The Fables of Aesop is out now!

How to Read, Write, and Think

The Lost Tools of Writing teaches the Deep Logic of every subject.

You can see this if you watch how it teaches students to reason through an essay.

I have always tried to emphasize how the essay question should come from the student and that it doesn’t really have to be all that brilliant a question. The topics themselves will drive the students into the heart of the text or event, especially when they start making comparisons or looking at circumstances.

So let’s say you are reading Julius Caesar and you need some essay topics. Pick ANY character in the play and ANY action that character did and ask: Should he have done that?

Examples from Shakespeare’s Julius Caesar (which I refer to because you can get it online for nothing, it’s Shakespeare’s shortest play, and it is sitting beside me):

Act I, Scene 1, line 1: Should Flavius have told the common people to go home?

II, 2, 2: Should Caesar have paid any attention to Calpurnia’s dream?

III, 3, 3: Should Cinna have “wandered forth of doors”?

IV, 3, 4 (no scene 4 in Act 4): Should Lepidus have consented to his brother’s death?

V, 5, 5 Should Clitus have heeded Brutus?

You can see that I have arbitrarily chosen to ask questions about whoever was acting in a given scene. But I guarantee you, if you use the topics of invention to think about each question, you will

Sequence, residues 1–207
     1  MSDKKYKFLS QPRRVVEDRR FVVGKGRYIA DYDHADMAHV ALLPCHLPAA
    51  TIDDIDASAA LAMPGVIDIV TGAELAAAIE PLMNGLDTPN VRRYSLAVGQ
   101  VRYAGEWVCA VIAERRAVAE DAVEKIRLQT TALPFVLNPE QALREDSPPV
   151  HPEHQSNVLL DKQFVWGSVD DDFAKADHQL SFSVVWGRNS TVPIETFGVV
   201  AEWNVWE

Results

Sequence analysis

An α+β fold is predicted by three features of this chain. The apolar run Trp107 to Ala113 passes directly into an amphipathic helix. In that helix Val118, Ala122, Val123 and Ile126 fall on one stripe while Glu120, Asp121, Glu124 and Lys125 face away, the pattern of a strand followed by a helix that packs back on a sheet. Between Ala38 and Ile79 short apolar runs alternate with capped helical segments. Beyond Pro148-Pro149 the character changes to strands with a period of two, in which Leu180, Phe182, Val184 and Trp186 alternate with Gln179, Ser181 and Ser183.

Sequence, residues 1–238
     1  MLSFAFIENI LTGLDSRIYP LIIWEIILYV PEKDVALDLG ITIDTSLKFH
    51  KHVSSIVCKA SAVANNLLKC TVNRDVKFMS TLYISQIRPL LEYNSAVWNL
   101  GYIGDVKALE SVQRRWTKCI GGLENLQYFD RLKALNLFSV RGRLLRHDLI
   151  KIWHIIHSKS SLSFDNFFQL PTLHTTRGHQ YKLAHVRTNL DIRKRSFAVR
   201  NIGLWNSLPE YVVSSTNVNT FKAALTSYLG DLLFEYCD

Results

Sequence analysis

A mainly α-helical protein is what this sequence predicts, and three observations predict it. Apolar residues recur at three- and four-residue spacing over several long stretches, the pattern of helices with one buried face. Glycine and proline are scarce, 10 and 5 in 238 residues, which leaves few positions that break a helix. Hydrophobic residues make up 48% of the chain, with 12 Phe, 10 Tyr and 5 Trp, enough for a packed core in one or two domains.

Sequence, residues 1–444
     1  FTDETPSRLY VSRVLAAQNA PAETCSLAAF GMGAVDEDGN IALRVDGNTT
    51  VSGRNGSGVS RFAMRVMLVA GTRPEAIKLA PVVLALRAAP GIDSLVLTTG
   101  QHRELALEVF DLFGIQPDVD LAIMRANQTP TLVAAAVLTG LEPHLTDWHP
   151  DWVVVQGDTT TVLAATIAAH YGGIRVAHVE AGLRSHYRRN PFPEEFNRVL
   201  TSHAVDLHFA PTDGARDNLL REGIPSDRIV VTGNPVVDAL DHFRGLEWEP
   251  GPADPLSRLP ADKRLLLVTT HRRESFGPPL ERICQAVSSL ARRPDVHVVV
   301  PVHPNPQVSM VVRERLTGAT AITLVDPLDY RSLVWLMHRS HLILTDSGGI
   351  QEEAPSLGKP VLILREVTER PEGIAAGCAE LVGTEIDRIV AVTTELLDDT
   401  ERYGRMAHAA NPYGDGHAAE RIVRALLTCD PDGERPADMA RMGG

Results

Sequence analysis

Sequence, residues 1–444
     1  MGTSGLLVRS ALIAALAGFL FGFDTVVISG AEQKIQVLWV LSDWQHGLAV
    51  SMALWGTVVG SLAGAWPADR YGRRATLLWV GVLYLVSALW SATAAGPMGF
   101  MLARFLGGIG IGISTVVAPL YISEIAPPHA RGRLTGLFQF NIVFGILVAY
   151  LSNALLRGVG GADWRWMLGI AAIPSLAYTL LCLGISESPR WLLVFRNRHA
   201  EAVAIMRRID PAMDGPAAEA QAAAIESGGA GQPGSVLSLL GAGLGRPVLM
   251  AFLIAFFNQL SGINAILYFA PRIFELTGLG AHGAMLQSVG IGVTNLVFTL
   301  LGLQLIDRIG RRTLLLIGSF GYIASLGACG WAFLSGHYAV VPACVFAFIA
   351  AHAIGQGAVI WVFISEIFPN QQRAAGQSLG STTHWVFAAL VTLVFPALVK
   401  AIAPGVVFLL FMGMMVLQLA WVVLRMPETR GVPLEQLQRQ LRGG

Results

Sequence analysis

1. Teach your student to read better
  2. Teach your student to write better
  3. Teach your student to think better
  4. Guide your student into the heart of any text you are reading.

LTW liberates teachers from the oppressions of the curriculum. It provides tools that you can learn how to use on your own. But you must not worry about coming up with “good enough” questions.

The depth of insight arises naturally out of a mind that is activated and trained. Be careful not to ask your student to do something he doesn’t have the training or experience to do. Under those circumstances you run the risk of producing a student that simply wants to please the teacher instead of learning how to think independently.

In short, don’t worry too much about the issue question or the “so what.” Those will arise from the thought your student practices using the invention topics.

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